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Fun and educational, these cool STEM toys and learning apps are also endorsed by the team from Geeks2U.
Anthony Hill, Head of Technology at Geeks2U, is here to help you navigate through the endless array of tech products targeted at children. His best advice? “Look for things that will challenge the child and are obviously age-appropriate. We’re aiming to develop their computational thinking skills and digital thinking.” Read on for his top picks for educational games that give kids the skills they will need for jobs of the future.
What kid can resist a robot? The Sphero range is a surefire winner for little learners aged 8 and above. “Control little robot balls with an app, you’re essentially programming them. It teaches kids about artificial intelligence and problem solving as well,” Anthony says.
Founded in 2010, this impressive US startup is focused on teaching kids to code through educational games. They even sell education packs with classroom sets of 12 Sphero balls.
This deceptively simple logic game boosts cognitive function and spatial skills. Recommended for kiddos aged 5 and up, it challenges mini problem solvers to slide vehicles around on a game grid for a fun twist on an educational game. The beauty of a physical game like this one? It helps with dexterity and fine motor skills while giving their brains a workout in STEM activities like critical thinking.
“Physical games are a good way to help balance screen time as well,” Anthony adds. Entice them away from the iPad with a puzzle or board game that you can work on together.
Visit the App Store or the Google Play Store and you’ll find loads of educational apps for kids. With so many choices it can be difficult to decipher the most suitable app but Khan Academy comes out on top and is highly recommended by teachers. Founded in 2008, the award-winning online educator and its junior version, Khan Academy Kids, offer a ton of kids learning games and tools, including video lessons and practice questions, building skills in maths and beyond.
When downloading any app, remember to keep cyber security front of mind – “Make sure that you have online security software and only download certified apps,” Anthony recommends – and consider parental password protection as an extra layer of safety.
Let’s step into the future, shall we? This online learning tool is Australian-devised and allows kids to wade into the wonderful world of 3D design and modelling, a key element of STEM learning. In response to COVID-19 (coronavirus), the company has created a free “Learning at Home” course with daily design missions.
Sign up for a plan, connect to a 3D printer and suddenly their creativity comes to life. “It teaches kids to design,” Anthony explains. “They can pretty much print whatever they can think of – replacement parts, a copy of a favourite toy, even 3D replicas of their pets.”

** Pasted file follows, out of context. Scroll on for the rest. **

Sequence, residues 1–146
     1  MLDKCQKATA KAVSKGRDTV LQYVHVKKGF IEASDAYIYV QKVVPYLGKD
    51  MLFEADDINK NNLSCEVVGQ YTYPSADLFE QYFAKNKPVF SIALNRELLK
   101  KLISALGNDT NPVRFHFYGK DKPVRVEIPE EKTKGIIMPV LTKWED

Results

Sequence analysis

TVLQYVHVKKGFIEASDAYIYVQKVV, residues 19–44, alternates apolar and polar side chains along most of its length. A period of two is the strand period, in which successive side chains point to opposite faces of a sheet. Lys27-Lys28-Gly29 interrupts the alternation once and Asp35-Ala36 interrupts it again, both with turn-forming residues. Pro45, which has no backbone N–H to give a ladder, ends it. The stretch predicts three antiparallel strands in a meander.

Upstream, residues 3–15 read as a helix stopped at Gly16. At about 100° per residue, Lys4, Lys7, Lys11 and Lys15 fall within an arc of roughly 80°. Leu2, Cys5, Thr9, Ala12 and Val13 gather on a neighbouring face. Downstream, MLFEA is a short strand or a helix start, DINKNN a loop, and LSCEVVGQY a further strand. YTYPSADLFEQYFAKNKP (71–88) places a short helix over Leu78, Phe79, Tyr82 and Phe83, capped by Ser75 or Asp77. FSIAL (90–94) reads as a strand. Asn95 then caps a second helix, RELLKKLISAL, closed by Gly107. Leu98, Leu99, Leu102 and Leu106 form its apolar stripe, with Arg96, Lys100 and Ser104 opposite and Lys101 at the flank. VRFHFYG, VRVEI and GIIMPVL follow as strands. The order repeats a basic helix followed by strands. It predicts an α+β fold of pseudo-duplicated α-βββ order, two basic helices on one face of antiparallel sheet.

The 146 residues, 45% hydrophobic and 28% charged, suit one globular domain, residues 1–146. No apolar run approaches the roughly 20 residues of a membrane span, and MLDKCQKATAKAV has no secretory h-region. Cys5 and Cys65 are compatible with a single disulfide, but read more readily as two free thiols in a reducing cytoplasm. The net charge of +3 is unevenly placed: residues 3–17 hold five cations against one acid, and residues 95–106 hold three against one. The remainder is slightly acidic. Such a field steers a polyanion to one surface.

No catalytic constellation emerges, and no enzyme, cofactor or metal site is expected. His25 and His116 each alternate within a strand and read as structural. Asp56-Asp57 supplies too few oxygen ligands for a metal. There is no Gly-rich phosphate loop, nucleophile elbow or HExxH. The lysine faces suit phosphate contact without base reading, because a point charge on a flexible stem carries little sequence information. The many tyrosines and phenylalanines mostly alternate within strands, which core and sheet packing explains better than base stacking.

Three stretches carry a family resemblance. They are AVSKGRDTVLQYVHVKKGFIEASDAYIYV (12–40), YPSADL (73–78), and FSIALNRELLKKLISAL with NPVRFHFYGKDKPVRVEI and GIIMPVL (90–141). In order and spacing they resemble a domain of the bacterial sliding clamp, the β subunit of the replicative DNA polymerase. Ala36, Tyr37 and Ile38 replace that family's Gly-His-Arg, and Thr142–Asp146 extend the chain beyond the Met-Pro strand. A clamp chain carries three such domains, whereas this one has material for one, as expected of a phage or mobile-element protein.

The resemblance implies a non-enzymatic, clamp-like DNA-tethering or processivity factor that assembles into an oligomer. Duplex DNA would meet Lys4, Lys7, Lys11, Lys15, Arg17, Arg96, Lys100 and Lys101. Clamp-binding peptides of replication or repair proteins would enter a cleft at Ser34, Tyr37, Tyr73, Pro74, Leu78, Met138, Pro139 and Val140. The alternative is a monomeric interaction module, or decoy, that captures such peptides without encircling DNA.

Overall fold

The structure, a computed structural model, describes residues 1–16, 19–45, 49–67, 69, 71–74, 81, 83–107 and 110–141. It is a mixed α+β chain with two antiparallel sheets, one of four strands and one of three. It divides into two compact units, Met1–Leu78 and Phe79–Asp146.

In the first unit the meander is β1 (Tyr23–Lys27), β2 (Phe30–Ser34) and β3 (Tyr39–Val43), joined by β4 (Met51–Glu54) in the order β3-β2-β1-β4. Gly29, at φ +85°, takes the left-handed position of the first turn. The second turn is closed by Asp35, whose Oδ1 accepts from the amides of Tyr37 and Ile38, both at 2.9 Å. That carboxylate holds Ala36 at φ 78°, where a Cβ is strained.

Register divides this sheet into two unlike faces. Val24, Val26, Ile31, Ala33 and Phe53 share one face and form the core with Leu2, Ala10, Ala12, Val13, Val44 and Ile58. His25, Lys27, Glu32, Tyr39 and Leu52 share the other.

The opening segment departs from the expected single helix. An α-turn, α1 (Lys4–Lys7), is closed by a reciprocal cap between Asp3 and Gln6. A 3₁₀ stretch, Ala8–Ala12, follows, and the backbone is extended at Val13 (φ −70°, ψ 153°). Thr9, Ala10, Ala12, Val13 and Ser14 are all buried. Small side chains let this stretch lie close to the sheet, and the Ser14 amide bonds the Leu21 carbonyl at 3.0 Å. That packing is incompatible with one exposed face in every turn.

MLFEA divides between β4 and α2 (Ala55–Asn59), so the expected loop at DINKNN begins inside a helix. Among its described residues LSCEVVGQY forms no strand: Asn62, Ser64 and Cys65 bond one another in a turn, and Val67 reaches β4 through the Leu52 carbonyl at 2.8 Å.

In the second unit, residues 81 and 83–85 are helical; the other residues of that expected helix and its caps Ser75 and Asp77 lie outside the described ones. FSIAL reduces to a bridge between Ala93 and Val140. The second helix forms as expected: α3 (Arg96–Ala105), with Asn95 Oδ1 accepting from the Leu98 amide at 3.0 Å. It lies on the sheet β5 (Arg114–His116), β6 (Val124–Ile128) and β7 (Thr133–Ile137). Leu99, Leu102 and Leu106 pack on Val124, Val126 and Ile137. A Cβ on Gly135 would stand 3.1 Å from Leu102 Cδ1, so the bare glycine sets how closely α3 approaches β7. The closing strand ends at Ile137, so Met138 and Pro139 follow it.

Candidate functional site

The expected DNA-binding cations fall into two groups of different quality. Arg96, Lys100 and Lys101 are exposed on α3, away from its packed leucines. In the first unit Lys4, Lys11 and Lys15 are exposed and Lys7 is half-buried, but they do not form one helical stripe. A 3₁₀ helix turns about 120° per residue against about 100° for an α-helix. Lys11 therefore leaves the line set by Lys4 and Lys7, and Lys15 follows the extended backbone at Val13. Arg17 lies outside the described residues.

Minecraft is hugely popular – in fact it’s one of the best-selling video games of all time – and for good reason. This building game has no real plot or mission to follow, so it allows players across all grades a huge amount of creative freedom to design and build whatever they want.
“It teaches things like artificial intelligence, biodiversity, problem solving and programming skills,” Anthony explains. “And they actually have educational editions that link to Australian school content.”
Kids of all ages will enjoy this cool educational game – it’s a seriously fun way to teach children about balance, building and weight. Through repetitive rounds of Suspend, players will sharpen their fine motor skills and get busy with critical thinking and problem solving.
“This one develops their main skills and helps with things like designing systems and solving problems. Game-based learning is really effective,” Anthony shares. Need more convincing? We’re not the only ones who approve – over 90% of Officeworks reviewers would recommend this product.
Suitable for younger kids, the Osmo range is interactive and oodles of fun. Connecting to an iPad, tablet or iPhone, each Osmo kit fosters STEM learning by encouraging creativity and promoting problem solving skills through games and activities incorporating technology.
Hero product the Osmo Little Genius Starter Kit is recommended for little ones from 3 years and up. It cleverly utilises moulded silicon pieces and a silicon mat to turn a tablet into a learning hub. Educational games will boost literacy and enhance hand-eye coordination.
It’s a classic across all grades and ages for a very good reason. Invented in 1974 by a Hungarian professor and architect, the humble Rubik’s Cube is still popular in playgrounds across Australia. In fact, it’s estimated that 400 million “Magic Cubes” have been sold worldwide since its inception. STEM accredited, the Rubik’s Cube teaches sequential operations – the basics for what an algorithm is.
This will be helpful later when kids begin coding. As Anthony says, "learning to solve a Rubik's cube can improve memory, patience and problem-solving skills. These skills not only help you to become more creative in the way you handle day to day tasks, they are essential skills for any coder or programmer to build on."